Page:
Paul Gough provides the following notes and references to accompany 'Four Artists'.
C R W Nevinson
Letter: Nevinson to Charles F.G. Masterman, 30 July 1917, Nevinson file, Imperial War Museum, London
Letter: Charles F.G Masterman to John Buchan, 18 May 1917, Masterman files in Imperial War Museum, London Department of Art.
For a full and lively account of the cohort of students to which Nevinson belonged see David Boyd Haycock, 'A Crisis of Brilliance’: Five Young British Artists and the Great War (London: Old Street, 2010); also Paul Gough, A Terrible Beauty: British Artists in the First World War, (Bristol: Sansom & Company, 2010).
Images referenced in text: Marching Men,1916. Pastel on paper, 13.9 x 20.3 cm. IWM:ART 5218; Returning to the Trenches, 1914, oil on canvas, 50.8 x 76.2 cm. National Gallery of Canada, Ottawa. A woodcut version of the latter was reproduced in the ‘War Number’ of Blast, published in July 1915.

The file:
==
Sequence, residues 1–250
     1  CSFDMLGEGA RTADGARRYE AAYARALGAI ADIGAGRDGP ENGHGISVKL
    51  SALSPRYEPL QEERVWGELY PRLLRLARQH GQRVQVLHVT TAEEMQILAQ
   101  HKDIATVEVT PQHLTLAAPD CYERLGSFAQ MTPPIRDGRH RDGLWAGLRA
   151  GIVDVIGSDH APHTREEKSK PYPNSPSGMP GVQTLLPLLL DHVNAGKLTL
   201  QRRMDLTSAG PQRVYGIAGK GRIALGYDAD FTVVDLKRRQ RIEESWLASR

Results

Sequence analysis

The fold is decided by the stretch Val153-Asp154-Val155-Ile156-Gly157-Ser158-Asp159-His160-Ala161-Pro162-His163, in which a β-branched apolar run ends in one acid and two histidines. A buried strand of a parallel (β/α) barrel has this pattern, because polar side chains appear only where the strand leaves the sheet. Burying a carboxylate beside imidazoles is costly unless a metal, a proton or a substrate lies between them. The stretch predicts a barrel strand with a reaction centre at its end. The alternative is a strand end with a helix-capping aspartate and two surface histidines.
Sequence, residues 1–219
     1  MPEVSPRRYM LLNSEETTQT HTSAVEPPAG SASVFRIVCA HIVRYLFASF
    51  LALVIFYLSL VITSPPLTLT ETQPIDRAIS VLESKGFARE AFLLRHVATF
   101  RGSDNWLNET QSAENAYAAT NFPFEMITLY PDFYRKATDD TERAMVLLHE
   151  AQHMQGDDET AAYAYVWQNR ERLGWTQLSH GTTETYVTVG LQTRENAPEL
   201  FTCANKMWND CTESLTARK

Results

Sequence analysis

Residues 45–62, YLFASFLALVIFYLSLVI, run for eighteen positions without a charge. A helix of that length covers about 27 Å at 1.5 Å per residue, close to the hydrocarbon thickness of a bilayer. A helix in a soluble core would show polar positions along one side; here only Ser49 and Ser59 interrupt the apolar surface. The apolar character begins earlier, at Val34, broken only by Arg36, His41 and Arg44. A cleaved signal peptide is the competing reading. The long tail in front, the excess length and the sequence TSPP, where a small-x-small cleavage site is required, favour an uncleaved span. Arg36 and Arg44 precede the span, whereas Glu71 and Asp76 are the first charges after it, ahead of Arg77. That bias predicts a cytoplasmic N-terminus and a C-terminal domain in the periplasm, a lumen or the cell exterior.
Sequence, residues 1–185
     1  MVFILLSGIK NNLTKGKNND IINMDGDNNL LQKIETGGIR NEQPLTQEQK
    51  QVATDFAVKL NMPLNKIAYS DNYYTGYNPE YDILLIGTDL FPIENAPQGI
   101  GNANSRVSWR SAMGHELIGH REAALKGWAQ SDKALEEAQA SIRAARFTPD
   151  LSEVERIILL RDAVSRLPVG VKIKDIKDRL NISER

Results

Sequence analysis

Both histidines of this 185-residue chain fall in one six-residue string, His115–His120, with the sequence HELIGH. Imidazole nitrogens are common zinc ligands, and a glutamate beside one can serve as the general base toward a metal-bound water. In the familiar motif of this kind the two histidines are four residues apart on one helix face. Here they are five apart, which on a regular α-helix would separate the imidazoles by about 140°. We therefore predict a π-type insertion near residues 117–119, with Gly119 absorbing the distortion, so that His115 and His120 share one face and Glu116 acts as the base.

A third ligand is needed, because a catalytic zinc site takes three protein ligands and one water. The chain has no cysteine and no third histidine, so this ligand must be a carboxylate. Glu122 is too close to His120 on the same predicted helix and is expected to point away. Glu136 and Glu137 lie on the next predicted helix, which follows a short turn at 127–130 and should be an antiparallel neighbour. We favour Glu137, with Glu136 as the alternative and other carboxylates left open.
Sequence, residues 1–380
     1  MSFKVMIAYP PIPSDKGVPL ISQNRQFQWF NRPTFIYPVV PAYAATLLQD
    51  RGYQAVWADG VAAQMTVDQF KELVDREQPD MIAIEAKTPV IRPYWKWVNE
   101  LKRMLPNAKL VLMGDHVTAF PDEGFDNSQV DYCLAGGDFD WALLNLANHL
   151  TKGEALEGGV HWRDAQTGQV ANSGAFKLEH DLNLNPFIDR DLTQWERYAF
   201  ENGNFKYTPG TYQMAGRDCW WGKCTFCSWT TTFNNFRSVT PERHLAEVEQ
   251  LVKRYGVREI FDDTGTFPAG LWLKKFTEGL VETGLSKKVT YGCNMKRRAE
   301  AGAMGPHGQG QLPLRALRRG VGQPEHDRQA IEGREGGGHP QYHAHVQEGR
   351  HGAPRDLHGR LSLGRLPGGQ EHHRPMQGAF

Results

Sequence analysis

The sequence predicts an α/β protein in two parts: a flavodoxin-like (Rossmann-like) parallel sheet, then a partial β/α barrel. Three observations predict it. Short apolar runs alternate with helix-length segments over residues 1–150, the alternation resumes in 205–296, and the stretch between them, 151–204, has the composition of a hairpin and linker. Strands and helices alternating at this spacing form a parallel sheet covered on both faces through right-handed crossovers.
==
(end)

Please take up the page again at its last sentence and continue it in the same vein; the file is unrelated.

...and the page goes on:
Meirion Harries and Susie Harries, The War Artists: British Official War Art of the Twentieth Century (London: Michael Joseph, 1983) p.39. Still fearful of Futurist excesses, British critics described Nevinson’s work at this time as ‘a compromise between clear illustration and Futurist abstraction, which is absolutely intelligible without being… literal representation.’ P.G. Konody, ‘Art and Artists: the Friday Club’, Observer, 26 March 1916.
Le Mitrailleuse, 1915. Oil on canvas, 61 x 50.8 cm. Tate Gallery, London. No.3177. It was painted during Nevinson’s leave and while he was on honeymoon, part of it spent in Ramsgate.
Charles Lewis Hind, The Evening News, 16 March 1916 (Tate Gallery Archive, 7311.2A-145).8
Sickert , Burlington Magazine, September / October 1916.
An extended version of this essay, with notes, is in the Articles section of the website.
An extended version of this essay is in the Articles section of the website.